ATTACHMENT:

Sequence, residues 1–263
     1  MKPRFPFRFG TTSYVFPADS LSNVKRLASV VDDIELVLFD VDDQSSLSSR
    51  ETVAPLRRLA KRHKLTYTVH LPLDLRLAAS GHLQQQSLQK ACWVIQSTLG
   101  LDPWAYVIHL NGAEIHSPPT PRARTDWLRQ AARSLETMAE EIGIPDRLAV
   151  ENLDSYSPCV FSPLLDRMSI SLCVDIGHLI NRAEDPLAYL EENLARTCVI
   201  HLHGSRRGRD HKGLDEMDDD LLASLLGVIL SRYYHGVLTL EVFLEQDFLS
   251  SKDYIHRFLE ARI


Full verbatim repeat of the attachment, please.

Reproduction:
Sequence, residues 1–263
     1  MKPRFPFRFG TTSYVFPADS LSNVKRLASV VDDIELVLFD VDDQSSLSSR
    51  ETVAPLRRLA KRHKLTYTVH LPLDLRLAAS GHLQQQSLQK ACWVIQSTLG
   101  LDPWAYVIHL NGAEIHSPPT PRARTDWLRQ AARSLETMAE EIGIPDRLAV
   151  ENLDSYSPCV FSPLLDRMSI SLCVDIGHLI NRAEDPLAYL EENLARTCVI
   201  HLHGSRRGRD HKGLDEMDDD LLASLLGVIL SRYYHGVLTL EVFLEQDFLS
   251  SKDYIHRFLE ARI